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Coelacanth (Latimeria chalumnae).jpg
Scientific Classification

Family Coelacanthidae

  • Axelia
  • Wimania
  • Ticinepomis
  • Coelacanthus

Family Mawsoniidae

  • Alcoveria
  • Axelrodichthys
  • Chinlea
  • Diplurus
  • Mawsonia

Family Latimeridae

  • Holophagus
  • Undina
  • Libys
  • Macropoma
  • Macropomoides
  • Megacoelacanthus
  • Latimeria
    • L. menadoensis (Indonesian coelacanth)
    • L. chalumnae (Comorese coelacanth)

Coelacanths are very rare creatures (they have been given Appendix I status in the C.I.T.E.S. listings, with their speculated population of only 1,000 [1]) with much still unknown about them. They were once thought to have gone extinct until a live specimen was caught of the eastern coast of South Africa in 1938. Though they have been found in Comoros, Sulawesi (Indonesia), Kenya, Tanzania, Mozambique, Madagascar, and Greater St. Lucia Wetland Park in South Africa [2] it is still unknown whether they were individuals who simply strayed from the natural habitats in Comoros and Indonesia or they stand for living groups in the other areas [3].


Marjorie Courtenay-Latimer with the first discovered Coelacanth.

The coelacanth is a “living fossil” because it appears to be the same as a species found in fossils with no known close living “relatives [4].” Until 1938 the coelacanth was believed to have gone extinct many years ago (by the evolutionists, sixty-six million years ago [5]). In the year 1938 a man named Hendrik Goosen, a manager of a trawler fleet [6], discovered an unknown species of fish while inspecting a fishing trawl’s catch for unfamiliar marine life to use as museum specimens. He brought the bizarre specimen to Marjorie Courtney-Latimer, in the East London Harbor, in an attempt to identify the unusual fish. Upon failing to find any mention of such a fish in her books, Courtney-Latimer attempted to contact Professor James Leonard Brierley Smith, but he was away. Courtney-Latimer took the uncommon fish to the taxidermist to be preserved for Prof. Smith’s return. Upon his return, Prof. Smith immediately recognized the fish as one thought to have gone extinct and only found in fossils, the coelacanth [7]. If you wish to read the letters that Courtney-Latimer and Prof. Smith exchanged then follow this link: [8].


Latimeria chalumnae, a species of coelacanth (family Latimeriidae).

Coelacanths are bony fish that have the characteristic lobe-fins (paired rounded fins) of the taxonomic class Sarcopterygii and are the only known living species with a properly functioning intracranial joint (which serves to almost separate the front and back halves of the brain and, theoretically, help with the swallowing of the coelacanth's larger prey). Their pectoral and anal fins are both on “fleshy stalks” that are reinforced by bone. The notochord continues on through the middle of the three segments that the coelacanth’s tail is split into. The coelacanth possesses a rostral organ (an organ which is believed to act as an electric field receptor and detect other organisms in the depths of the ocean where light is scarce) that is located in the front of its skull. Coelacanths, because they tend towards the deeper parts of the ocean, have extremely light-sensitive eyes that possess a tapetum lucidum (which serves to reflect light to the retina) and will rarely be caught during the day or on nights with full moons [9].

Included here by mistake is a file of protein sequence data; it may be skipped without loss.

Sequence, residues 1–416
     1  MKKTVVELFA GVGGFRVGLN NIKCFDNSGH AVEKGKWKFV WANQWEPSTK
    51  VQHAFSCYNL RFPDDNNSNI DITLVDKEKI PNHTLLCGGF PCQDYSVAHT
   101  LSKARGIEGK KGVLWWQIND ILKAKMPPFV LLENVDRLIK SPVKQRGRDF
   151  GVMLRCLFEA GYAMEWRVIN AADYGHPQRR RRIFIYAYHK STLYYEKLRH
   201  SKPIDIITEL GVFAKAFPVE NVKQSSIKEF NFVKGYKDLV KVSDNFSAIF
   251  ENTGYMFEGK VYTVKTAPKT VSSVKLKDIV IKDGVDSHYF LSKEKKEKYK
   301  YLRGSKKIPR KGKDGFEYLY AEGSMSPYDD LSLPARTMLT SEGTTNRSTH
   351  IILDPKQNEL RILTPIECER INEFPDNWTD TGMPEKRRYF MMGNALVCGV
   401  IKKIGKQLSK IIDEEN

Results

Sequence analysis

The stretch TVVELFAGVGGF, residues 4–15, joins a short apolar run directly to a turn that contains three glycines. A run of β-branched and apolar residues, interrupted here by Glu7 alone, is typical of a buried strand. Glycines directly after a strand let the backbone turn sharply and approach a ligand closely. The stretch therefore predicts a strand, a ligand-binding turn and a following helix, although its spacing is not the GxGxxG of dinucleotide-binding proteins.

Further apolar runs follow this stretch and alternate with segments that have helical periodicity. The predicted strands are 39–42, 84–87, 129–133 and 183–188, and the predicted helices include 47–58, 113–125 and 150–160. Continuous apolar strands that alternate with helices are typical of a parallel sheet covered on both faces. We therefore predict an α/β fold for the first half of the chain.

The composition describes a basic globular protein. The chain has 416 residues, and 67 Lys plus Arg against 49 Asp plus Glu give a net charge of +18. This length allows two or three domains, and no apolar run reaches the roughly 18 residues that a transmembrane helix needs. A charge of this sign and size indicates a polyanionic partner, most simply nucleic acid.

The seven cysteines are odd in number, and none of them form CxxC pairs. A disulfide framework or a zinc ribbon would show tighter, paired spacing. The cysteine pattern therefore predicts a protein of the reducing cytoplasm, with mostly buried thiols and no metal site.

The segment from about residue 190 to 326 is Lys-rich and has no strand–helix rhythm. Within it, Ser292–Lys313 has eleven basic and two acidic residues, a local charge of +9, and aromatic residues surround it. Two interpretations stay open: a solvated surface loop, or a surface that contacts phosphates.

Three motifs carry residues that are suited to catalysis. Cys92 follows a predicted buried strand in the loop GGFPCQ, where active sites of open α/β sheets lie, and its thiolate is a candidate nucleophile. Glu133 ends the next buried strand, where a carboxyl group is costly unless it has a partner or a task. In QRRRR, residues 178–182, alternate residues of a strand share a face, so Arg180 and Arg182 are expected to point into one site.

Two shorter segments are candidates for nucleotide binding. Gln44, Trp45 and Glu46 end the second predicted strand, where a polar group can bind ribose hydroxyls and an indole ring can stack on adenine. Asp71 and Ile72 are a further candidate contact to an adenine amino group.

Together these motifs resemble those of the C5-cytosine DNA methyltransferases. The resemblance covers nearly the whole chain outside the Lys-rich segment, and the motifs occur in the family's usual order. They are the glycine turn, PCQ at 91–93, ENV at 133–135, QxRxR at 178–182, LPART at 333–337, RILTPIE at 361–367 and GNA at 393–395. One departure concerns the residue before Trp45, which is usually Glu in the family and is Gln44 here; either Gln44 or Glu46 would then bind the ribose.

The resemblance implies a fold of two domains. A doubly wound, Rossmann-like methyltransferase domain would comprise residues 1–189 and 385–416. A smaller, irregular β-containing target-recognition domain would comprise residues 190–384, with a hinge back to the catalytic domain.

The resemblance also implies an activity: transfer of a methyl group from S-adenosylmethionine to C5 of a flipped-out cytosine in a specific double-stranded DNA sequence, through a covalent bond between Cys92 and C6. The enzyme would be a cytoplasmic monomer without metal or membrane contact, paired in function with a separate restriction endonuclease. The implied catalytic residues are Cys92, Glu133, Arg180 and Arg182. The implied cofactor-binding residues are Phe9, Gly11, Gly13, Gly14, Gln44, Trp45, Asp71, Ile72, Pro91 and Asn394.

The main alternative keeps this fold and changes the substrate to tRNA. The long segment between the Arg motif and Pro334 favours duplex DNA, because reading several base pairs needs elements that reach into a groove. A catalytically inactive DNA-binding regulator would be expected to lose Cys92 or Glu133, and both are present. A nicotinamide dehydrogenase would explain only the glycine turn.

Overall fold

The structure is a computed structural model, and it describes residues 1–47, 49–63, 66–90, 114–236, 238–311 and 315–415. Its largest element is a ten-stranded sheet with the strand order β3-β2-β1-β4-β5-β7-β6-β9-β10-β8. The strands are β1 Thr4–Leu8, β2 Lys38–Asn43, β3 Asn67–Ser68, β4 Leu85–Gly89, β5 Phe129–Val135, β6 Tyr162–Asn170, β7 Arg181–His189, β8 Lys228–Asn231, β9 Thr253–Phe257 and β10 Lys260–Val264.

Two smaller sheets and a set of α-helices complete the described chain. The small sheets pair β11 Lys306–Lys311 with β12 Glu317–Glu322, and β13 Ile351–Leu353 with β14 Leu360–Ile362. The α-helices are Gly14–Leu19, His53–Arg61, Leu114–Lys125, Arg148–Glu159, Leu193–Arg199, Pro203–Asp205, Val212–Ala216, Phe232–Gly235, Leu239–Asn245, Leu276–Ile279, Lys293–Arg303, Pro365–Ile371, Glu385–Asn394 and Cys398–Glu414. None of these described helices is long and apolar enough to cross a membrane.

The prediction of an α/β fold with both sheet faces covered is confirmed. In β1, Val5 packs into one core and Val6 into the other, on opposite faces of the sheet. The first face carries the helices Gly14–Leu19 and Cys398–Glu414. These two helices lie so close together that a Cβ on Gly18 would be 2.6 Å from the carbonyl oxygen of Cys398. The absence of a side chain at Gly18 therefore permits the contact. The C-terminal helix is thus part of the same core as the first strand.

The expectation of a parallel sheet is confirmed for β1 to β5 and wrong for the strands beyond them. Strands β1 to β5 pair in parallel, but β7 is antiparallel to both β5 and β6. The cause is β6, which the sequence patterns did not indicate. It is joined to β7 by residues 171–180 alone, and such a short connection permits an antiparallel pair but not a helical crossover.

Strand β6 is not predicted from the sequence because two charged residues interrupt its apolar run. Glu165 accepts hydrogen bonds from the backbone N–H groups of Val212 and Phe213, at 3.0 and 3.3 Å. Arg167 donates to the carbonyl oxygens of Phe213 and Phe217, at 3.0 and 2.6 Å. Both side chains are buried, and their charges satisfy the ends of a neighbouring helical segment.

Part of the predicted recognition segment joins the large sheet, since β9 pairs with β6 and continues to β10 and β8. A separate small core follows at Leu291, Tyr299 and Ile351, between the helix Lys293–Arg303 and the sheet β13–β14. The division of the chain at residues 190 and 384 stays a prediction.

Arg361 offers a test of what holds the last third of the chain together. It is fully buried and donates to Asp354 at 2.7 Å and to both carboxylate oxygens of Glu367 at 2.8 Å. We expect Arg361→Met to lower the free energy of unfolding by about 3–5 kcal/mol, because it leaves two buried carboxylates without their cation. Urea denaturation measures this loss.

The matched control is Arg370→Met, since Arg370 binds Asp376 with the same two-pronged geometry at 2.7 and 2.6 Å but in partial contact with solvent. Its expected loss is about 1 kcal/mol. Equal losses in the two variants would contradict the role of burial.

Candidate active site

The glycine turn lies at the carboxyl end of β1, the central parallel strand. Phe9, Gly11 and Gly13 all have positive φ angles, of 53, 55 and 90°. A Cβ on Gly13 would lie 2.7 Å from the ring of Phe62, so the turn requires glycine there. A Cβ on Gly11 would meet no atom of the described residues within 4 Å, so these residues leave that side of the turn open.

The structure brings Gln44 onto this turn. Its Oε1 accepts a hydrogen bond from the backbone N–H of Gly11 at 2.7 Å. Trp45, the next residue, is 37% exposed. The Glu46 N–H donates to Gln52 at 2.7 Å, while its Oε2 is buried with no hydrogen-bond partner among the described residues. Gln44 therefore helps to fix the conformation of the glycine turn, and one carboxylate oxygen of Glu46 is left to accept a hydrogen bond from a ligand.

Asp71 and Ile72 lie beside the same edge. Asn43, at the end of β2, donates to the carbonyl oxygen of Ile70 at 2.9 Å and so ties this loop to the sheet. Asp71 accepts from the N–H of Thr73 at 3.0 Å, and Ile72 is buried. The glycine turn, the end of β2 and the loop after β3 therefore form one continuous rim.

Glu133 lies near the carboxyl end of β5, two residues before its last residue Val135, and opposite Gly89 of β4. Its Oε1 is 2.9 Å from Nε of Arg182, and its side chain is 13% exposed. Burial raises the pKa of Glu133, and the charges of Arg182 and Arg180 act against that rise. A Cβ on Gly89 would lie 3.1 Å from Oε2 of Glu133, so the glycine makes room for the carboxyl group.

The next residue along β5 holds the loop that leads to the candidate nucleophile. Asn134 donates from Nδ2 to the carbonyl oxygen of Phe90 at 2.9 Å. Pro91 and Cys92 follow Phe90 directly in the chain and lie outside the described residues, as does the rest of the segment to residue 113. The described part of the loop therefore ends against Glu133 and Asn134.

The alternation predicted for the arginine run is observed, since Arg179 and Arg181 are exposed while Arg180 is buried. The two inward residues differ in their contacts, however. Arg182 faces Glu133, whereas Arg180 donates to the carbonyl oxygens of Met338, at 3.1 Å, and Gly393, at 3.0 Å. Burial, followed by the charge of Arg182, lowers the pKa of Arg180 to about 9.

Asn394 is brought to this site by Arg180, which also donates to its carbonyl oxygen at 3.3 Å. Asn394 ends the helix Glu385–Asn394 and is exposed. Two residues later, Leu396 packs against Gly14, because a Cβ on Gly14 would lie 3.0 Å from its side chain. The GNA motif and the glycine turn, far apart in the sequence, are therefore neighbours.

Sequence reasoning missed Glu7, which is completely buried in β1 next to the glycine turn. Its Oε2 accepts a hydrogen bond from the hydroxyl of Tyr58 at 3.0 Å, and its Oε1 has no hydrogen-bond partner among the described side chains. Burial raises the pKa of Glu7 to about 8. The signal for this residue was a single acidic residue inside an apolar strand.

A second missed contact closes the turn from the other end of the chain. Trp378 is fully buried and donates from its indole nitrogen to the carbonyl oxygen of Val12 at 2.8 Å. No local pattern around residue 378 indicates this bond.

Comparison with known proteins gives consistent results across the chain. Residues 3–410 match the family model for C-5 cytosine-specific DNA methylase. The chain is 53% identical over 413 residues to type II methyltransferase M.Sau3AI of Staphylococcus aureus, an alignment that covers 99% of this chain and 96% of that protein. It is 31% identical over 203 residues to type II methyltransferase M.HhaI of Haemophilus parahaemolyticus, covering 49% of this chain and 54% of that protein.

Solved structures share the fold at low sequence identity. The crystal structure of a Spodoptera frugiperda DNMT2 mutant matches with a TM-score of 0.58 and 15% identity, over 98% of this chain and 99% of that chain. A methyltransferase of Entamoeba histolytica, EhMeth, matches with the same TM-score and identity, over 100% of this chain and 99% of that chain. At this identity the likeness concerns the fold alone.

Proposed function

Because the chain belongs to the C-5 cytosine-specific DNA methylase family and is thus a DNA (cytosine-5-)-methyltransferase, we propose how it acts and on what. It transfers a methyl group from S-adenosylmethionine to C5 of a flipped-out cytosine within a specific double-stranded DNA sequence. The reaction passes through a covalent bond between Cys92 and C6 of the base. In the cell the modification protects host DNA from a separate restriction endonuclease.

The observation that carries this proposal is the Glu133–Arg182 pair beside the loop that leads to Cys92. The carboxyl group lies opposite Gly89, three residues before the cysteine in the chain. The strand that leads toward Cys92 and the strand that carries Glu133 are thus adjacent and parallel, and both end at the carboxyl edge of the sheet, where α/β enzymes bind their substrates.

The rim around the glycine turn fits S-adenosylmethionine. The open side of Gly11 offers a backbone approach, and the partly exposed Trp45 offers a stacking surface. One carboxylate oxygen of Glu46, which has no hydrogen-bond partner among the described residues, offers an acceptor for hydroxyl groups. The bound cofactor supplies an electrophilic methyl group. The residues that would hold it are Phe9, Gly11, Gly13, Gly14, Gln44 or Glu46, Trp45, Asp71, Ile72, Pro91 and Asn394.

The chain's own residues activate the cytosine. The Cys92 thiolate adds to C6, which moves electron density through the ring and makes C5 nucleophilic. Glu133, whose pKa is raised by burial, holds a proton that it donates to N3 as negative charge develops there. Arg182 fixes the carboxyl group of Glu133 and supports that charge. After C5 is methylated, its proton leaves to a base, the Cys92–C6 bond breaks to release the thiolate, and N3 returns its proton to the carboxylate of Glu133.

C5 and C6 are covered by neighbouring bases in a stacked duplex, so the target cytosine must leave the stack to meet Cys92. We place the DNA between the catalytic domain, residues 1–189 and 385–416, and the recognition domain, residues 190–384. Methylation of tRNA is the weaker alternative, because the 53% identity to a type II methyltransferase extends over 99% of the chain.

The coelacanth bears a slightly “modified version” of cosmoid scales, a scale type that is believed to be found only on extinct fish. The coelacanth’s scales are thinner than true cosmoid scales because they lack the layer of cosmine that true cosmoid scales possess. These scales are very coarse and are often used as a substitute for sandpaper by the villagers of the Comoros. Coelacanths’ scales produce mucus as their bodies continually excrete oil that works as a laxative, rendering the fish nearly inedible unless they have been dried out and salted [10].

There are two main species of coelacanth: the Indonesian coelacanth (Latimeria menadoensis) and the Comorese coelacanth (Latimeria chalumnae). The Comorese coelacanth may reach up to two meters in length and their average weight is eighty kilograms. They come in deep shades of blue that are believed to camouflage them from their prey. The Indonesian variety comes instead in shades of brown [11].


Not much is known about the actual reproductive processes of the coelacanth, but they are believed to be to remain sexually immature until they reach twenty years of age. Female coelacanths give birth to between five and twenty-five live young, which are immediately capable of surviving on their own. The average gestation time of the coelacanth is roughly thirteen months [12].


Coelacanths are opportunistic drift-feeders that consume cuttlefish, small sharks, squid, snipe eels and other such small fish [13] of their habitat by use of a suction action of the jaw and the intracranial joint [14]. They are found in depths usually ranging between ninety to two hundred meters below sea level, though they me be found as deep as seven hundred meters. Most likely through the use of their rostral organ, coelacanths are capable of swimming head down, backwards, and belly up to detect their prey [15]. Scientists are as yet unable to explain the coelacanths acute sense of timing (groups of coelacanths were observed leaving the caves of their habitat and the same time each night) and their expert coastal navigational skills [16].


Related References